Examining the smooth and nonsmooth discrete element approaches to granular matter M. Servin, D. Wang, C. Lacoursière, K. Bodin, Examining the smooth and nonsmooth discrete element approaches to granular matter, accepted for publication in International Journal for Numerical Methods in Engineering (2013). preprint pdf, sample data, videos, calculator, plots, pseudocode, Interactive physics and complex mechanical systems

Abstract
The smooth and nonsmooth approaches to the discrete element method (DEM) are examined from a computational perspective. The main difference can be understood as using explicit versus implicit time integration. A formula is obtained for estimating the computational effort depending on error tolerance, system geometric shape and size, and on the dynamic state. For the nonsmooth DEM, a regularized version mapping to the Hertz contact law is presented. This method has the conventional nonsmooth and smooth DEM as special cases depending on size of time step and value of regularization. The use of the projected Gauss-Seidel solver for nonsmooth DEM simulation is studied on a range of test systems. The following characteristics are found. Firstly, the smooth DEM is computationally more efﬁcient for soft materials, wide and tall systems, and with increasing ﬂow rate. Secondly, the nonsmooth DEM is more beneﬁcial for stiff materials, shallow systems, static or slow ﬂow and with increasing error tolerance. Furthermore, it is found that just as pressure saturates with depth in a granular column, due to force arching, also the required number of iterations saturates and become independent of system size. This effect make the projected Gauss-Seidel solver scale much better than previously thought.
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 Formula: \begin{equation*} \begin{array}[l] \\ \frac{\tau_{{\tiny NDEM}}}{\tau_{{\tiny SDEM}}} = \sqrt{\frac{ \max\left(\epsilon^2 m v{n}^2, 2\epsilon mgd\right)}{kd^2}} \frac{K^{{\tiny GS}}_{{\tiny NDEM}}}{K{{\tiny SDEM}}} \frac{N_{c}}{N_\text{p}}\cdot\nonumber\\ \quad\quad\quad\cdot\frac{c_0 (1 + c_1 I )}{\epsilon} \left\{ \begin{array} [l]{lr}% w( 1 - \exp[-\tfrac{c_2 l} {w}]) & \text{ , if } w \gtrsim 5\\ c_2 l & \text{ , if } w < 5 \end{array} \right.\\ \frac{}{}\\ \frac{}{}\\ \tau_{\tiny SDEM} = \sqrt{\frac{k}{m}} K_{\tiny SDEM}N_{\text{p}}\tau_{\text{real}}\\ \frac{}{}\\ \frac{}{}\\ \tau_{\tiny NDEM} = \frac{K^{\tiny GS}_{\tiny NDEM}N_{\text{it}} N_{c}} {\min\left(\epsilon\frac{ d}{v_{n}}, \sqrt{\frac{ 2\epsilon d}{g}}\right)}\tau_{real}\\ N_{\text{it}}^{\epsilon} (l,w,I) = \tfrac{c_0 (1 + c_1 I )}{ \epsilon } \left\{ \begin{array} [l]{lr}% w( 1 - \exp[-\tfrac{c_2 l} {w}]) & \text{ , if }w \gtrsim 5\\ c_2 l & \text{ , if }w < 5 \end{array} \right. \end{array} \end{equation*}

 $g$ : [${\tiny m/s^{2}}$] $\rho$ : [${\tiny kg/m^3}$] $\nu$ : $K_{\tiny SDEM}$ : $K^{\tiny GS}_{\tiny NDEM}$ : $c_0$ : 0.3 $c_1$ : 2.0 $c_2$ : 0.44

 $\epsilon$ : $w$ : $l$ : $I$ : $Y$ : [GPa] $d$ : [m]

 $\frac{\tau_{{\tiny NDEM}}}{\tau_{{\tiny SDEM}}}$ : $\frac{\tau_{{\tiny SDEM}}}{\tau_\text{real}}$ : $\frac{\tau_{{\tiny NDEM}}}{\tau_\text{real}}$ : $h_{N}$ : [ms] $h_{S}$ : [ms] $N_\text{P}$ : $N_\text{it}$ : $V_{n}$ : [m/s]
Input all values. Selected value (red colored) will be used as domain variable.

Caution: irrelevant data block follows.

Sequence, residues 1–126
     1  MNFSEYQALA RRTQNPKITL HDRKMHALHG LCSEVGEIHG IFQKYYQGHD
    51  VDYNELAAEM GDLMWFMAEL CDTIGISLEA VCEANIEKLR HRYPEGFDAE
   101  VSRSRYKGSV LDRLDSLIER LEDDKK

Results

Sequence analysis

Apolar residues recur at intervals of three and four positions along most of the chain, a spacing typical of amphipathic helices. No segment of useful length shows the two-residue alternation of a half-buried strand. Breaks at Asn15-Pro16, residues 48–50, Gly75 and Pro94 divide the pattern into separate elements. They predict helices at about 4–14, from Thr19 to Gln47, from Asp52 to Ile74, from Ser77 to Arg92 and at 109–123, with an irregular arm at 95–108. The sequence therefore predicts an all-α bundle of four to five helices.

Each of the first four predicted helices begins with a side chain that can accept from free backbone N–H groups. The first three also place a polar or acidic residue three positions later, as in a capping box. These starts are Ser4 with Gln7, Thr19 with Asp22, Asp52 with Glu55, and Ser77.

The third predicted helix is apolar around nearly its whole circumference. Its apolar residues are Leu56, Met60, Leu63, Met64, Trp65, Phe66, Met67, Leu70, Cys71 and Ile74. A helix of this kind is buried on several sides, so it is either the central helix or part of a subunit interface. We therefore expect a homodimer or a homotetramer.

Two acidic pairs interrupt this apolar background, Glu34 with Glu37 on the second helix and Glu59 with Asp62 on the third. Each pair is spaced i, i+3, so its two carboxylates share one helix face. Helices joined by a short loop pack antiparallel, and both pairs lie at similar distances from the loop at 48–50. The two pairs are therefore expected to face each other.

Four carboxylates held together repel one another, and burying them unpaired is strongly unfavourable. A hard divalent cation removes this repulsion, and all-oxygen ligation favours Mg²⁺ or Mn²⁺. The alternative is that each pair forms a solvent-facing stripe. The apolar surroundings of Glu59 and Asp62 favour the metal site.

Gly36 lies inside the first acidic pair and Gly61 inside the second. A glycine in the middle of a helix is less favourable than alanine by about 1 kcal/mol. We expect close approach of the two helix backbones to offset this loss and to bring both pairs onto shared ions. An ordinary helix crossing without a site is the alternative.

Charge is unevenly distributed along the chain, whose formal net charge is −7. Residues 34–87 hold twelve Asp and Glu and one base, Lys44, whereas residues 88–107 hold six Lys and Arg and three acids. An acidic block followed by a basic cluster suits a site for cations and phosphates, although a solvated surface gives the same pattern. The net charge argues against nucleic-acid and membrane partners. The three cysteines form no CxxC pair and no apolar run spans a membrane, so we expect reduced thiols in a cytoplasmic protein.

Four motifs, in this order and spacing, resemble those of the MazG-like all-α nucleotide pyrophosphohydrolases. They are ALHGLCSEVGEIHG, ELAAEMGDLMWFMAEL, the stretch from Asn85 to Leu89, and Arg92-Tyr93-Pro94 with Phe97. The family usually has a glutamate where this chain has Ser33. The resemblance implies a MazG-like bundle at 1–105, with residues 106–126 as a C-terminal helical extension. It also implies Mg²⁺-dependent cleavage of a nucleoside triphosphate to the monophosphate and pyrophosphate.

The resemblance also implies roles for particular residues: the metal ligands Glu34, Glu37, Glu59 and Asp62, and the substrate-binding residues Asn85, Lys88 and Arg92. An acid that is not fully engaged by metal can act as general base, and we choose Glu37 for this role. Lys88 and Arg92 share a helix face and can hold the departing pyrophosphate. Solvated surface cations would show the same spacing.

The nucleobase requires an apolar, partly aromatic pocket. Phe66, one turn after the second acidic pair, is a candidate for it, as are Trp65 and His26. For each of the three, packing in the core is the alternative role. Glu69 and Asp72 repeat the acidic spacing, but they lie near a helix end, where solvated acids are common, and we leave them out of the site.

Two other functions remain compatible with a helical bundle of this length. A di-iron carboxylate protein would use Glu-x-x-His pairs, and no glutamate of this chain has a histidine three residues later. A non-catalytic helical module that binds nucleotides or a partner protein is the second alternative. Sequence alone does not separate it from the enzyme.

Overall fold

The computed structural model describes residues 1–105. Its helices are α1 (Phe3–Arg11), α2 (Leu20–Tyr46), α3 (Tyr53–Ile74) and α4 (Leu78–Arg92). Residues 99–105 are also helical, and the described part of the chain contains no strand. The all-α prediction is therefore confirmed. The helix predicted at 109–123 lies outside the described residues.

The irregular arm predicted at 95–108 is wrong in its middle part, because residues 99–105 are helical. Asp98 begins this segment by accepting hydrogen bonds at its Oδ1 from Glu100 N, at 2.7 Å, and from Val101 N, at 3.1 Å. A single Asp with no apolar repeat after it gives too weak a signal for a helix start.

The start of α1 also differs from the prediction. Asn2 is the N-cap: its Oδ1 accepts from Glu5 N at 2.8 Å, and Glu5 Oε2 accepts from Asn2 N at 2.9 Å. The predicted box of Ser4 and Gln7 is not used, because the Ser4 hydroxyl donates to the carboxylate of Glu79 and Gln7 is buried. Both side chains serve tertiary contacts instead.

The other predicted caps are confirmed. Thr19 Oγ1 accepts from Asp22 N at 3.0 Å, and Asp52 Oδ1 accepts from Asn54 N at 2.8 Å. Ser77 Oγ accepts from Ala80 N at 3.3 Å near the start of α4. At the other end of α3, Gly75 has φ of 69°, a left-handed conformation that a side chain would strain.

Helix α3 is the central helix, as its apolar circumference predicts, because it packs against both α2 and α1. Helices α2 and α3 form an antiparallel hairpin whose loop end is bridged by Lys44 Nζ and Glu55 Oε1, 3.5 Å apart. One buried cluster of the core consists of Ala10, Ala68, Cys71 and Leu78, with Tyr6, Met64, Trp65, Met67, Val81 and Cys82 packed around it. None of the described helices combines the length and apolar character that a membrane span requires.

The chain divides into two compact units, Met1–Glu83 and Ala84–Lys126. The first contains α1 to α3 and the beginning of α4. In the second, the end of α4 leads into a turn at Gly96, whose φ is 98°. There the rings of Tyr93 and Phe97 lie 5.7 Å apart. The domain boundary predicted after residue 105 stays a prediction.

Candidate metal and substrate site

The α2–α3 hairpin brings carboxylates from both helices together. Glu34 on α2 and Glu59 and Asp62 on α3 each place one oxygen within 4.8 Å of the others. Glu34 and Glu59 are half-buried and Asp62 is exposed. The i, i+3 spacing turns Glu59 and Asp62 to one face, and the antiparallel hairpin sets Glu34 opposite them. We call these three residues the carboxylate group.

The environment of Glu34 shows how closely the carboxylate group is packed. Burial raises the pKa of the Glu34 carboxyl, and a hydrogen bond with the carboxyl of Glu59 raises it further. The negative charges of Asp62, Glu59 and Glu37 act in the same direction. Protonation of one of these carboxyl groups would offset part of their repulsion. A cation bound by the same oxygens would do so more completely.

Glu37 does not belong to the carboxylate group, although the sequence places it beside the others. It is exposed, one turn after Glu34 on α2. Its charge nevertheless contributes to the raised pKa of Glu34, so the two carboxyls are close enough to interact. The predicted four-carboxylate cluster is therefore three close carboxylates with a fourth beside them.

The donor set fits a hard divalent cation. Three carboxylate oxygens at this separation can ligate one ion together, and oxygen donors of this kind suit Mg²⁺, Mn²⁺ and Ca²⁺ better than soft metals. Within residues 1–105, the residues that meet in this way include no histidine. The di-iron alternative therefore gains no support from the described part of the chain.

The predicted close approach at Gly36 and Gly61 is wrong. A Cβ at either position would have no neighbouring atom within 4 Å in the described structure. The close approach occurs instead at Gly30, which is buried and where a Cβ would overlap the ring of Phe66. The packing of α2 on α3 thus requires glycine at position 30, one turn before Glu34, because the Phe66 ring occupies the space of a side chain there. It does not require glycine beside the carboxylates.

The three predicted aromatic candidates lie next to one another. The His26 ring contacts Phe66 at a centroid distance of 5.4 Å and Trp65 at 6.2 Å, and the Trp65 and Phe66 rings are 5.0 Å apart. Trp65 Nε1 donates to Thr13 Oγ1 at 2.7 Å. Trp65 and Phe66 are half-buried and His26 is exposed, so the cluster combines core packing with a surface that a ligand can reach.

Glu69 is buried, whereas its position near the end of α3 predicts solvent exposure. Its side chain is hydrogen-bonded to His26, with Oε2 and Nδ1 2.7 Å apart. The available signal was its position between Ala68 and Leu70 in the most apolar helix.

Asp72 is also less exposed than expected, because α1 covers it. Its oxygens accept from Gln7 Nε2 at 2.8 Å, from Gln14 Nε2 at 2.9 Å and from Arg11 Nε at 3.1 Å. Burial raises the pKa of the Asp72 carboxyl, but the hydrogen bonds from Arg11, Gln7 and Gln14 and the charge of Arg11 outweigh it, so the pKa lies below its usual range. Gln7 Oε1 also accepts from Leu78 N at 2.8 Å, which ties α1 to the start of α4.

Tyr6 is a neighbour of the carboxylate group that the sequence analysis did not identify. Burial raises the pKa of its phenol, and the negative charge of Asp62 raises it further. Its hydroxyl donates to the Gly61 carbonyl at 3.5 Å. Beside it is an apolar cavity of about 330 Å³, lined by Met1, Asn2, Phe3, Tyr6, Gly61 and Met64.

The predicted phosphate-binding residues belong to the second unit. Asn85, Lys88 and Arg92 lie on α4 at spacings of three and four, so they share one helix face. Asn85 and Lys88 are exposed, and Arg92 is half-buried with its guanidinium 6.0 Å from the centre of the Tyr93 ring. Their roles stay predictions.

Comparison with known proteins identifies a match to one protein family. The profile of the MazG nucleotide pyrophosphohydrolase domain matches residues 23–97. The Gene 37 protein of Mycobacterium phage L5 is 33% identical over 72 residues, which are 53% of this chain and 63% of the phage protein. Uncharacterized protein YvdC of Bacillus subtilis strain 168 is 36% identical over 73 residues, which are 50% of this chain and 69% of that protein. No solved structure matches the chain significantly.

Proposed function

$I$:
 0~
$w$:
 [d]
$l$:
 [d]
Input all values. Selected value (red colored) can have multi (< 8) values, each correspond to one curve
$\epsilon$:
 Input 1~ values
$Y$:
 [Pa]
$d$:
 [m]
Related plots
 Force network The contact forces form force networks. These are weighted graphs with the particles as nodes and contact forces as edges. We use the normal force magnitude for the edge weight. In granular materials with too few iterations the strong force chains that are a characteristic feature of granular materials do not appear. Instead, the force distributes as the hydrostatic pressure in a fluid, i.e., increases linearly with depth from the top surface. When increasing the number of iterations, strong force chain structures emerge and with this the pressure force saturate and become independent of depth in the column. This is the well-known Janssen effect of granular materials, which is due to an arching effect of the force chains whereby the container walls carry part of the weight of the material Click here for more force network figures. Velocity fields On sufficiently large scales of length and time a granular material may be considered as a continuous solid represented by continuous fields of mass distribution, flow velocity and stresses and strains. The averaging process of sampling microscopic particle properties and inter-particle forces to macroscopic quantities is referred to as coarse graining (or homogenization). A cubic grid is introduced and the fields are evaluated at the grid points. The smoothing length is chosen to 1.5 times particle diameter and we use grid size L = 0.5 d. Click here for more velocity fields Scalar fields On sufficiently large scales of length and time a granular material may be considered as a continuous solid represented by continuous fields of mass distribution, flow velocity and stresses and strains. The averaging process of sampling microscopic particle properties and inter-particle forces to macroscopic quantities is referred to as coarse graining (or homogenization). A cubic grid is introduced and the fields are evaluated at the grid points. The smoothing length is chosen to 1.5 times particle diameter and we use grid size L = 0.5 d. Click here for more scalar field plots of mass density, pressure, strain rate and inertial number.
Pseudo code